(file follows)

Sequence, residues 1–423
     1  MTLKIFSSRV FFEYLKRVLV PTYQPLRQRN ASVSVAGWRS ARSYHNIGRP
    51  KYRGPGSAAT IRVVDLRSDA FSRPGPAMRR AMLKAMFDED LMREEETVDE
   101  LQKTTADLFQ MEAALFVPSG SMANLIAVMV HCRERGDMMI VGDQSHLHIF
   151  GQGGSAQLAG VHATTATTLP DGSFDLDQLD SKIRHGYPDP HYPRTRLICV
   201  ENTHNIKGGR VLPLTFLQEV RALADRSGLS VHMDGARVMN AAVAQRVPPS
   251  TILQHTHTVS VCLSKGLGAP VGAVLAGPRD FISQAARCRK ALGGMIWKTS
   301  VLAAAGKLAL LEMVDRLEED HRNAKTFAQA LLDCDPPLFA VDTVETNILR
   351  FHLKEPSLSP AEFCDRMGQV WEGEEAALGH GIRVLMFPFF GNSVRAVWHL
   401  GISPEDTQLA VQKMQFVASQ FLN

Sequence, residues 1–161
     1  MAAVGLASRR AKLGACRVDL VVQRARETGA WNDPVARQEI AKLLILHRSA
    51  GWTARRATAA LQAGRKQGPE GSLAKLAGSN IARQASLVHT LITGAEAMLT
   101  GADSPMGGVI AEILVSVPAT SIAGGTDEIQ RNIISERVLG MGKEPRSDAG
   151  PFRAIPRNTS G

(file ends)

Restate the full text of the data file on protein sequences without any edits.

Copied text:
Sequence, residues 1–423
     1  MTLKIFSSRV FFEYLKRVLV PTYQPLRQRN ASVSVAGWRS ARSYHNIGRP
    51  KYRGPGSAAT IRVVDLRSDA FSRPGPAMRR AMLKAMFDED LMREEETVDE
   101  LQKTTADLFQ MEAALFVPSG SMANLIAVMV HCRERGDMMI VGDQSHLHIF
   151  GQGGSAQLAG VHATTATTLP DGSFDLDQLD SKIRHGYPDP HYPRTRLICV
   201  ENTHNIKGGR VLPLTFLQEV RALADRSGLS VHMDGARVMN AAVAQRVPPS
   251  TILQHTHTVS VCLSKGLGAP VGAVLAGPRD FISQAARCRK ALGGMIWKTS
   301  VLAAAGKLAL LEMVDRLEED HRNAKTFAQA LLDCDPPLFA VDTVETNILR
   351  FHLKEPSLSP AEFCDRMGQV WEGEEAALGH GIRVLMFPFF GNSVRAVWHL
   401  GISPEDTQLA VQKMQFVASQ FLN

Sequence, residues 1–161
     1  MAAVGLASRR AKLGACRVDL VVQRARETGA WNDPVARQEI AKLLILHRSA
    51  GWTARRATAA LQAGRKQGPE GSLAKLAGSN IARQASLVHT LITGAEAMLT
   101  GADSPMGGVI AEILVSVPAT SIAGGTDEIQ RNIISERVLG MGKEPRSDAG
   151  PFRAIPRNTS G